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Climate Change Anecdotes

Heatwave in China is the most severe ever recorded in the world

Low rainfall and record-breaking heat across much of China are having widespread impacts on people, industry and farming. River and reservoir levels have fallen, factories have shut because of electricity shortages and huge areas of crops have been damaged. The situation could have worldwide repercussions, causing further disruption to supply chains and exacerbating the global food crisis.​
People in large parts of China have been experiencing two months of extreme heat. Hundreds of places have reported temperatures of more than 40°C (104°F), and many records have been broken. Subway stations have set up rest areas where people can recover from the heat.​
On 18 August, the temperature in Chongqing in Sichuan province reached 45°C (113°F), the highest ever recorded in China outside the desert-dominated region of Xinjiang. On 20 August, the temperature in the city didn’t fall below 34.9°C (94.8°F), the highest minimum temperature ever recorded in China in August. The maximum temperature was 43.7°C (110.7°F).​
It is the longest and hottest heatwave in China since national records began in 1961. According to weather historian Maximiliano Herrera, who monitors extreme temperatures around the world, it is the most severe heatwave recorded anywhere.​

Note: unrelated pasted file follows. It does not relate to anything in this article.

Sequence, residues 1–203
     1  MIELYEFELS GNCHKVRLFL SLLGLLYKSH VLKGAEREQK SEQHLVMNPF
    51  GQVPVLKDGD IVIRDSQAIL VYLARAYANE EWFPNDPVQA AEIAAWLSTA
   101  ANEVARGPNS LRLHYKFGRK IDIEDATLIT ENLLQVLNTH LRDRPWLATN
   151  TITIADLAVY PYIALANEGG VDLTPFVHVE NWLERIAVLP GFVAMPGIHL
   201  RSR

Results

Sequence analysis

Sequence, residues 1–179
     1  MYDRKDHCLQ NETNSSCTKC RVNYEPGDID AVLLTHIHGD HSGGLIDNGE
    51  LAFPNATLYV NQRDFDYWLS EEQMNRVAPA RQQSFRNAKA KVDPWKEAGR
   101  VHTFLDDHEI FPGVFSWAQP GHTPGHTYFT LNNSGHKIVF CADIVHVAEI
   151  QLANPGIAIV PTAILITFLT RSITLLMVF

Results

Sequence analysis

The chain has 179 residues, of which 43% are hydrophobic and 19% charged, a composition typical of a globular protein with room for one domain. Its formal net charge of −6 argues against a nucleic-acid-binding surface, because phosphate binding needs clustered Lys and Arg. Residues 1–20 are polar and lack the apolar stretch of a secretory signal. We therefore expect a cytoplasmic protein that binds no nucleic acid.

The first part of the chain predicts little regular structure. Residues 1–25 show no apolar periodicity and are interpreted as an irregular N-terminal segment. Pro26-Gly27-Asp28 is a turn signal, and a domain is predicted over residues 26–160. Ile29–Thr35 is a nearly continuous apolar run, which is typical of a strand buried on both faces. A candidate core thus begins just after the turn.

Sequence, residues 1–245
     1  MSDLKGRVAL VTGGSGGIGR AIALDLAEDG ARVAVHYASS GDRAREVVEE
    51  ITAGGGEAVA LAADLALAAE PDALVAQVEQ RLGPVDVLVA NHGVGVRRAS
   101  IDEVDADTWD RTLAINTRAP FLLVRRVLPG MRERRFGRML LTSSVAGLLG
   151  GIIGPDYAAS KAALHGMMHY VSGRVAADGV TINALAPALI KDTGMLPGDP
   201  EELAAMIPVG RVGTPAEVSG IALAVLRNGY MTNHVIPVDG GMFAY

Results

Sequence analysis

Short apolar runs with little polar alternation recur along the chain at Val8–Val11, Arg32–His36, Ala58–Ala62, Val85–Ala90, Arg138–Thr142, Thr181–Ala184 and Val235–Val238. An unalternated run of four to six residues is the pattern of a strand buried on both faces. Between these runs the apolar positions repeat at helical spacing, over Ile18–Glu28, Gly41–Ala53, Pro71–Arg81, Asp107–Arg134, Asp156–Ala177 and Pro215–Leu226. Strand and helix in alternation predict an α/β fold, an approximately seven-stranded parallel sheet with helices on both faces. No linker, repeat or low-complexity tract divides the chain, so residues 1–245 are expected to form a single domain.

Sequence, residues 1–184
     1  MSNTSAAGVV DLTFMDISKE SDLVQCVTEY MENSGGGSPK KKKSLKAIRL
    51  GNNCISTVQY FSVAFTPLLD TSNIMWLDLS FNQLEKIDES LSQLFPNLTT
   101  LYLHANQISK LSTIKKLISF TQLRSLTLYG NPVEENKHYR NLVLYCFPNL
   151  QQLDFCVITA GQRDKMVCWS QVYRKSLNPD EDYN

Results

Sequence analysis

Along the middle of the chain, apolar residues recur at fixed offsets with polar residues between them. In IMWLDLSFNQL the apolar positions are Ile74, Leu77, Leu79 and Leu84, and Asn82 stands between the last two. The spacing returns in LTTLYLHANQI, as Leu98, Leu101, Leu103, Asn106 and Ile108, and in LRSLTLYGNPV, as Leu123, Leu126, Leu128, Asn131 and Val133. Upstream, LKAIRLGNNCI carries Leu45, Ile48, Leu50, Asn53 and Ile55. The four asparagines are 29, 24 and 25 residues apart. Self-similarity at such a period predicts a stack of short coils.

“This combines the most extreme intensity with the most extreme length with an incredibly huge area all at the same time,” he says. “There is nothing in world climatic history which is even minimally comparable to what is happening in China.”​
Together with the extreme heat, low rainfall in parts of China has led to rivers falling to low levels, with 66 drying up completely. In parts of the Yangtze, water levels are the lowest since records began in 1865. In a few places, local water supplies have run out and drinking water has had to be trucked in. On 19 August, China announced a national drought alert for the first time in nine years.​